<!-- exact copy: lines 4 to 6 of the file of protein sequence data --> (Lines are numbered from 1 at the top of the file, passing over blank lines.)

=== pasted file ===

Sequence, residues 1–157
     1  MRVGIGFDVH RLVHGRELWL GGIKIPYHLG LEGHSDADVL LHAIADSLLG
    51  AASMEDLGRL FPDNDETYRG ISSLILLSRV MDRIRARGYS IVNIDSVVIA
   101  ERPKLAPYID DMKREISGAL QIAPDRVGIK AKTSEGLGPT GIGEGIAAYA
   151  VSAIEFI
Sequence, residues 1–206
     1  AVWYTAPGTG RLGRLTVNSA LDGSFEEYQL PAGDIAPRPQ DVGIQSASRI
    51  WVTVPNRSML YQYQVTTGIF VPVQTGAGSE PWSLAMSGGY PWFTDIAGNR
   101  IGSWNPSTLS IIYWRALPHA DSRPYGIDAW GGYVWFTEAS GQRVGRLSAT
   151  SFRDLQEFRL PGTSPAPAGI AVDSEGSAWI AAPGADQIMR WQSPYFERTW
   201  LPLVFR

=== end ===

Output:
   101  ERPKLAPYID DMKREISGAL QIAPDRVGIK AKTSEGLGPT GIGEGIAAYA
   151  VSAIEFI
Sequence, residues 1–206